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Growing repression and persecution, coupled with the constant loss of freedoms, make Nicaragua’s future look frightening. Despite this reality, there are people who hold out hope for change. For Kitty Monterrey, president of the Alianza Ciudadanos por la Libertad party and vice-president of Liberal International, an electoral process with minimum conditions is the only way to confront tyranny in the immediate future.
The American spoke exclusively with Monterrey, who, among other things, denounced that Daniel Ortega’s regime is ramping up persecution against dissidents and opponents as the registration process for the presidential elections next November approaches.
Currently, there are more than 120 political prisoners in Nicaragua. Among them are journalist Cristiana Chamorro, diplomat Arturo Cruz, politician Felix Maradiaga and businessman Juan Sebastian Chamorro, all pre-candidates for the November presidential elections.
Both Arturo Cruz and Juan Sebastián Chamorro are pre-candidates of the alliance presided by Kitty Monterrey.
For the president of Citizens for Liberty, the persecution of opponents and dissidents in view of the elections is due to a great “combination of factors”, especially is a “response to Daniel Ortega’s fear of facing a united opposition in this platform (united opposition) which would undoubtedly defeat him in an electoral process”.
Kitty Monterrey: “We live under constant threat”.
The president of the opposition coalition explained that freedom of political speech in Nicaragua is practically non-existent and that being a dissident of Sandinismo and the regime is synonymous with putting oneself in danger:
“In this indiscriminate hunt, we are all at risk. Here we don’t know who is safe. We live under a constant threat. Our party and office are besieged from very early in the morning, surrounded by police or paramilitary elements, sometimes they don’t even identify what kind of people they are.”
In addition to the fear of participating in elections, Kitty Monterrey believes that the regime also wants to demonstrate its strength through state coercion, because if there is one thing that the Sandinista tyranny has, it is the control of all institutions and the monopoly of arms.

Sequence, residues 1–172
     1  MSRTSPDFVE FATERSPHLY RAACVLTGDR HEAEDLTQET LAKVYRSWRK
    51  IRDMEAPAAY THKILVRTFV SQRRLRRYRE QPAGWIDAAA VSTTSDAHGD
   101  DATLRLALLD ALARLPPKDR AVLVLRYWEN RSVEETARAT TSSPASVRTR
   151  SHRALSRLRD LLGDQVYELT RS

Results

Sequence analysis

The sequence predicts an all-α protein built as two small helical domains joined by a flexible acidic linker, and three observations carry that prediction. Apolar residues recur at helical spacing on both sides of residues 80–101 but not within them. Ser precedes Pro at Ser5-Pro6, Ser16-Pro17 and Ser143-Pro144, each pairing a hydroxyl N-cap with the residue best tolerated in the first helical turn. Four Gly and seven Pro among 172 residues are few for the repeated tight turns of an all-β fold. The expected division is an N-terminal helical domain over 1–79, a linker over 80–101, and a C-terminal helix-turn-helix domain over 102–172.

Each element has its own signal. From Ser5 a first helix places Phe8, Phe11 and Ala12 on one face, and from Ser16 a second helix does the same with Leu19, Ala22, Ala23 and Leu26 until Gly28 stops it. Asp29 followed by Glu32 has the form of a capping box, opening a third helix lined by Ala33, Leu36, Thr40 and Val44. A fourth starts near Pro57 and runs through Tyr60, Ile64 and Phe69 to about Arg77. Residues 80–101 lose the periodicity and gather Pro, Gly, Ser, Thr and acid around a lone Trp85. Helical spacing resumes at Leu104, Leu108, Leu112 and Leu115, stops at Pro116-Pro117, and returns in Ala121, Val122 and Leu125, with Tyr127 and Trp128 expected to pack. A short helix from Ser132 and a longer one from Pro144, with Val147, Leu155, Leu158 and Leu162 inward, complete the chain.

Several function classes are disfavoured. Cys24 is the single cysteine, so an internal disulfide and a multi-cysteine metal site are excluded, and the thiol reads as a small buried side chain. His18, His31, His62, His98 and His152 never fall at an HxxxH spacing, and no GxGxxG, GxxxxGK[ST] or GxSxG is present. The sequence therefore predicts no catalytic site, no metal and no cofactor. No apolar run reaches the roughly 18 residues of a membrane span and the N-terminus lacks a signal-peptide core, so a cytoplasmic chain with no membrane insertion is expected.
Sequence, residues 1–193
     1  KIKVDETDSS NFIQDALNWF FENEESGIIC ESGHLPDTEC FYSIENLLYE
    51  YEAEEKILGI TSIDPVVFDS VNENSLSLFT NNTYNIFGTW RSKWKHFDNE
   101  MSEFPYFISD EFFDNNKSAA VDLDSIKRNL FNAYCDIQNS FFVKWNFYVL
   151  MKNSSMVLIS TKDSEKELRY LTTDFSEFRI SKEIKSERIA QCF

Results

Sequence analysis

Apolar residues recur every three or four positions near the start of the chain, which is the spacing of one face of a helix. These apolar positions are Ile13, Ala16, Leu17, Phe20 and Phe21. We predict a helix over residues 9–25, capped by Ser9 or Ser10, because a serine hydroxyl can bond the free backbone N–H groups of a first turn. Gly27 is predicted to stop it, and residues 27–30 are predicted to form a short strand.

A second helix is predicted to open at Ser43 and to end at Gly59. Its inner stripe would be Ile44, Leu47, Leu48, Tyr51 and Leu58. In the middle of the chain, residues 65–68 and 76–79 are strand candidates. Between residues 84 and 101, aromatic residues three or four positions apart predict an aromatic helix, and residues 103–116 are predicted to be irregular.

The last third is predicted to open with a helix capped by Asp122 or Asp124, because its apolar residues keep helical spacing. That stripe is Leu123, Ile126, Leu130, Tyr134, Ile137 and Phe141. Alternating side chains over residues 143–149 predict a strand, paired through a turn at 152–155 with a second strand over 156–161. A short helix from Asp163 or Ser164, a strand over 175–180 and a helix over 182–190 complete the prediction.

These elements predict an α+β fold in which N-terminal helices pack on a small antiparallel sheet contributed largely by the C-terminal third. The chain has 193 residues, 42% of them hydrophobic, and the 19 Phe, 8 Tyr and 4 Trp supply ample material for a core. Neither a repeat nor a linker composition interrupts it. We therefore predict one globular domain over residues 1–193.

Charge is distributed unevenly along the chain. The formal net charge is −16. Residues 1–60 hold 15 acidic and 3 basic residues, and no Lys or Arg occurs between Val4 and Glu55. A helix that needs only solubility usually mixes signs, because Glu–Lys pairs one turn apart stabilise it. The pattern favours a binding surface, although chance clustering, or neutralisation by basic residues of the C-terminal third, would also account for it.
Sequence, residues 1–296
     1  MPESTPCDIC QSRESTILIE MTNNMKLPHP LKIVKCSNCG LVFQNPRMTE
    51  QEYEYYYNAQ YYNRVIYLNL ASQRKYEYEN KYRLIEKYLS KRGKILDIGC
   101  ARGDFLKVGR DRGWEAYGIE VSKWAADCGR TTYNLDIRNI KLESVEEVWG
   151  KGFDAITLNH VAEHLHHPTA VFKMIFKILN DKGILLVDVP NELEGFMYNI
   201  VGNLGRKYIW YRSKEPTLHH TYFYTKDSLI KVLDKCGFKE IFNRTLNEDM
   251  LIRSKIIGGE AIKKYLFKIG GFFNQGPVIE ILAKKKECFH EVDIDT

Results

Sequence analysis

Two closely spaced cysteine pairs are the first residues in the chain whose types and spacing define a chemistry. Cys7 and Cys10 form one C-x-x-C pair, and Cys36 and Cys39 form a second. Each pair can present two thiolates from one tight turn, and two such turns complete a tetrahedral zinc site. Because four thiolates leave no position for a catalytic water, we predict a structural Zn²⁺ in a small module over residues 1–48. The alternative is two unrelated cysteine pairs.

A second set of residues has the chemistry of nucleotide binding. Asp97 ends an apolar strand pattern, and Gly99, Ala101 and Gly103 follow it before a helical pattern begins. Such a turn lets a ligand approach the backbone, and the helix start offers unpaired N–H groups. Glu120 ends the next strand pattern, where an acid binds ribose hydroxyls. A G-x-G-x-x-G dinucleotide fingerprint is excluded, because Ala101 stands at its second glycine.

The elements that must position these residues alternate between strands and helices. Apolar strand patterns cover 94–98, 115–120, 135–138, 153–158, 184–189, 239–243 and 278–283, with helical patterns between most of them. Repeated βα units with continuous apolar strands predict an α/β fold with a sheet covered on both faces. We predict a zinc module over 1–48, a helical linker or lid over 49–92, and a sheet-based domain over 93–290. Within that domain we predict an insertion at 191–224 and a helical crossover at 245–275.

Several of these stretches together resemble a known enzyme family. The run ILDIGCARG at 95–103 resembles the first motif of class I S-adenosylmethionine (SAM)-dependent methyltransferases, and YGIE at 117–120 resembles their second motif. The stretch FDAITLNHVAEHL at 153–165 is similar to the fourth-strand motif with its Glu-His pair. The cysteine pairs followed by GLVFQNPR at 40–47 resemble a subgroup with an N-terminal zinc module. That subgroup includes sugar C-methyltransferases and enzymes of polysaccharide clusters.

On this tricky subject, Monterrey said she understands the challenge of displacing a dictatorship through the vote. She affirms, however, that there is only one plausible option at this time to confront Ortega and his leadership: pressure to achieve minimum electoral conditions.
“The pressure we must all exert is to go to this electoral process, even in these adverse conditions, because we understand that with the control that exists it will be very difficult to confront Ortega in elections that, so far, do not present the conditions required to guarantee Nicaraguans the right to choose freely”
Kitty Monterrey talked about the many elements of the Nicaraguan political crisis, including a brief evaluation of the international community’s response to the outrages of the Sandinista regime. She made it clear that not much can be expected from international organizations and countries in general because they have very little understanding of the internal issues of each country.
Monterrey also pointed out that she and the Citizens Alliance for Freedom are against Sandinismo in all its presentations. For her, Nicaragua is an anti-Sandinista country not only because of Ortega but also because of the excesses of the Sandinistas in the eighties who today are also presented as “opponents” to “Orteguismo”.
“For me, Sandinismo is Sandinismo. It does not matter if it is the one in power or the one that wants to recover it, they are the same thing. We are a country where more than 70% of the population is against Ortega, and besides being against Ortega, they do not want Sandinismo in any of its expressions”.